This Tart is Basically a Giant Peanut Butter Cup

October 31, 2017

I love nearly everything about Halloween: the pumpkin carving, the practically month-long marathon of horror movies on TV, and the march of excited, costumed little kids through my neighborhood when the big night finally arrives. Most of all, I love that Halloween encourages festive baking and homemade treats, but doesn’t come with too many heavy-duty cooking or entertaining obligations.

Funny enough, candy is probably my least favorite part of the holiday. It’s not that I don’t have a sweet tooth (I most definitely do!), but my favorite desserts tend to be dense and filling and rich, rather than sugary bites. To me, “treat” means a fat wedge of cake, a slice of just-baked pumpkin or banana bread, or a warm serving of crisp or cobbler. Candy is fun, but baked treats are more satisfying.

Not surprisingly, as a kid, I gravitated toward the richer side of the confection spectrum: candy bars and peanut butter cups, rather than red vines, gummy bears, or candy corn. Now that I’m older—and no longer at the mercy of trick-or-treat offerings—I can create Halloween treats as I like them. This chocolate peanut butter tart is a grown up, supremely satisfying answer to the (non-vegan) Reese’s peanut butter cups that were my all-time childhood favorites—the candies I cherished and saved carefully for last in my bucket of loot each October.

The Reese’s peanut butter cup of our dreams. Photo by Rocky Luten

When I was first thinking about this recipe, I considered making both the base and the top out of dark chocolate. It would have been a literal rendition of a giant peanut butter cup, but I’m glad I went with a chocolate crust on the bottom of the tart instead. Its lightness and crunch offsets the gooey richness of the peanut butter and chocolate layers, and it makes the whole dessert feel more textured.

Shop the Story

I first attempted a riff on my standard pie crust, with cocoa powder and sugar worked into the pasty. It didn’t have the crispness I wanted, so I did a little research, and settled on Stella Parks’ chocolate tart shells as inspiration for my next version. It worked like a charm. The crust is reminiscent of chocolate shortbread: sturdy enough to hold its shape, but buttery and tender to eat.

Join The Conversation

Top Comment:
“Any suggestions for replacing the coconut cream (will heavy cream work) and the cane sugar? We only use honey, maple syrup or date sugar. We are not vegan so replacing items with animal products is not a problem for us. Thank you for any recommendations you can provide. ”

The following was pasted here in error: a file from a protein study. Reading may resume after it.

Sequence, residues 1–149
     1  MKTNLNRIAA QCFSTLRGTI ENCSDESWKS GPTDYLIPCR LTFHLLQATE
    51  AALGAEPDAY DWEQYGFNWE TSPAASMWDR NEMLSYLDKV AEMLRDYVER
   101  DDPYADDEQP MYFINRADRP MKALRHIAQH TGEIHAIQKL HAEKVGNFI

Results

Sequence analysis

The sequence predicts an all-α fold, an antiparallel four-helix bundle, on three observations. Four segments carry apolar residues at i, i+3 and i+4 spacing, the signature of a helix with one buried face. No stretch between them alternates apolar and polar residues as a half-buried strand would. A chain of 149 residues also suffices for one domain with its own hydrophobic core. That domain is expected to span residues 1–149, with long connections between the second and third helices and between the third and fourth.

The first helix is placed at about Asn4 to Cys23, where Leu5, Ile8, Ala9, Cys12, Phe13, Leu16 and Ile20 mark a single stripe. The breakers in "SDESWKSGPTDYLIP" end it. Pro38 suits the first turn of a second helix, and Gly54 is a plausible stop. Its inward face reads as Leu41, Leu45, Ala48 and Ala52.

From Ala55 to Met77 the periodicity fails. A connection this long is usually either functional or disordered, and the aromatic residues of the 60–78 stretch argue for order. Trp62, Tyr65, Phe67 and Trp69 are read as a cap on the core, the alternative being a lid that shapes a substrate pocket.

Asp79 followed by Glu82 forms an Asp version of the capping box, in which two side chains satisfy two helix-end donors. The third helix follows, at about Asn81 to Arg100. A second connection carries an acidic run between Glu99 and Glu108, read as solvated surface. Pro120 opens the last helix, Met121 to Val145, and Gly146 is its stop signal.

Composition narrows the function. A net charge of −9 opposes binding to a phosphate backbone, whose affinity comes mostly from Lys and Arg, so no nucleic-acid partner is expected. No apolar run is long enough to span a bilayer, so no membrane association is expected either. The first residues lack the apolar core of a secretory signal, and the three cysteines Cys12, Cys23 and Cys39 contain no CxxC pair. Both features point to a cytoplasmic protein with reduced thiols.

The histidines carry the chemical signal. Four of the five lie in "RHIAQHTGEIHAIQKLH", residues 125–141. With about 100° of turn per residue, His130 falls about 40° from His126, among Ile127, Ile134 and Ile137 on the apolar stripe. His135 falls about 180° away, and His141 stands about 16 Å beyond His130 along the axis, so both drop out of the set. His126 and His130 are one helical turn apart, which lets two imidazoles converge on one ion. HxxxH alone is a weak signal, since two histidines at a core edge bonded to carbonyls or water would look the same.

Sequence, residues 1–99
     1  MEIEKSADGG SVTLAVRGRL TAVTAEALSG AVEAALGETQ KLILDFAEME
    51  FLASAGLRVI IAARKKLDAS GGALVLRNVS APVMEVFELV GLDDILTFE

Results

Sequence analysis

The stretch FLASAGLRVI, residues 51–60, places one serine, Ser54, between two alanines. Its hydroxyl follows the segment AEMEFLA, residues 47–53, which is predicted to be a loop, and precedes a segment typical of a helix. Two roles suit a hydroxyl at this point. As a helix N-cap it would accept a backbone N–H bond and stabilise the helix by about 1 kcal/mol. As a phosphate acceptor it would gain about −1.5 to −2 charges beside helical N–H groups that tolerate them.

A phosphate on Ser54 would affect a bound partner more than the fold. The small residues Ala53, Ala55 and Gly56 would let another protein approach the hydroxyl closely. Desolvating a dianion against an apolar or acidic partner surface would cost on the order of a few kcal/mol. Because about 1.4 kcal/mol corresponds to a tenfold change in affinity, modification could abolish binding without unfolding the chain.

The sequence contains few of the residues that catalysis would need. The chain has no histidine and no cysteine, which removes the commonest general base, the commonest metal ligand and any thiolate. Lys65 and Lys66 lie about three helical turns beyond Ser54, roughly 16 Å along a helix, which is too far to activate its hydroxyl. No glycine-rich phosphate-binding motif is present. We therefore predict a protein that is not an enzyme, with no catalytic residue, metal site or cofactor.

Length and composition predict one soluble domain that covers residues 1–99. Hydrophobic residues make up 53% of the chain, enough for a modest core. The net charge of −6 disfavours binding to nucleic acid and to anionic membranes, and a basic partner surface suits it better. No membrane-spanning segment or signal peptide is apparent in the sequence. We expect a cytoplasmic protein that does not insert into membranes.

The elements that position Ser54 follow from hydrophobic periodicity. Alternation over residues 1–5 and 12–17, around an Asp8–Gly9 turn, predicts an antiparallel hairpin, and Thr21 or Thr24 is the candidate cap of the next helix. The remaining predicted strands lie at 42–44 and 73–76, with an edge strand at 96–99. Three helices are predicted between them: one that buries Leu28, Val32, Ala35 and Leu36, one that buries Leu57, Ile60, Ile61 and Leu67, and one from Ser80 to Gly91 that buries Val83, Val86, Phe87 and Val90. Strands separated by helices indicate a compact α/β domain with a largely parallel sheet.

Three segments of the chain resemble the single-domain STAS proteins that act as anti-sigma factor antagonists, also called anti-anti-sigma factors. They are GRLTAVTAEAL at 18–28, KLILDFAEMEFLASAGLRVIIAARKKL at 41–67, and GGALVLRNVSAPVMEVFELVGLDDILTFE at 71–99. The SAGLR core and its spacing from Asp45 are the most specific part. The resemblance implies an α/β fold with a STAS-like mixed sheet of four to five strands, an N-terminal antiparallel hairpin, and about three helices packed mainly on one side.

— Kay D.

Choose between either vegan butter or solid coconut oil for the crust. I prefer the butter’s texture and recommend it, but if you can’t locate it (or would rather not use it), coconut oil will work. If you go that route, you’ll want to bring the tart to room temperature (post-chilling/setting) before slicing and serving, as coconut oil pastry can get rock-hard in the fridge. You’ll also want to add a half teaspoon of salt to the crust (most vegan butter is salted, so it eliminates the need for extra).

I tested the recipe with all sorts of filling bases: coconut cream and oil, silken tofu, agar, and more. In the end, a combination of good, old-fashioned vegan cream cheese and peanut butter was the clear winner—no other combination firmed up as nicely while also maintaining a rich, creamy consistency. Vegan cream cheese is relatively easy to find these days in major grocery chains and health food stores—you may even have your pick of brands (Tofutti has been my go-to for years now). But if you’re really in a pinch, and have a high-speed blender (like a Vitamix) at home, you can use one cup of soaked and drained cashews instead of the 8 ounces vegan cream cheese.

The tart is plenty sweet, but is balanced by a nice dose of saltiness. It hits a sweet spot between grown-up sophistication and unabashed, Halloween nostalgia. Feel free to get a bowl of traditional candy and confections ready for little ones, but then help yourself to a slice of peanut butter chocolate bliss as you settle in for a spooky night at home.

What's your favorite Halloween candy from childhood? Any grown-up versions you're making tonight?

Order now

The Food52 Vegan Cookbook is here! With this book from Gena Hamshaw, anyone can learn how to eat more plants (and along the way, how to cook with and love cashew cheese, tofu, and nutritional yeast).

Order now

See what other Food52 readers are saying.

  • Sharol
  • Kay Dee
    Kay Dee
  • Whats4Dinner
  • Sue
  • Gena Hamshaw
    Gena Hamshaw
Gena is a registered dietitian, recipe developer, and food blogger. She's the author of three cookbooks, including Power Plates (2017) and Food52 Vegan (2015). She enjoys cooking vegetables, making bread, and challenging herself with vegan baking projects.


Sharol February 27, 2018
Can you use regular, non vegan cream cheese?
Kay D. November 24, 2017
Any suggestions for replacing the coconut cream (will heavy cream work) and the cane sugar? We only use honey, maple syrup or date sugar. We are not vegan so replacing items with animal products is not a problem for us. Thank you for any recommendations you can provide.
Whats4Dinner October 31, 2017
I was just sniffing around for a vegan buckeye recipe. I think this will do!!! LOL!!! Thank you! I'll make this Thanksgiving week.
Sue October 31, 2017
2 questions. Can you substitute "whole regular butter" and also will chunky peanut butter work ? Thank you...sounds yummy
Gena H. October 31, 2017
Hi Sue! Regular butter can be substituted, but if it's unsalted, you should add 1/4 teaspoon salt to the crust. And chunky peanut butter won't work unless you have a high speed blender (like a Vitamix), but if you do, I suspect it will be OK.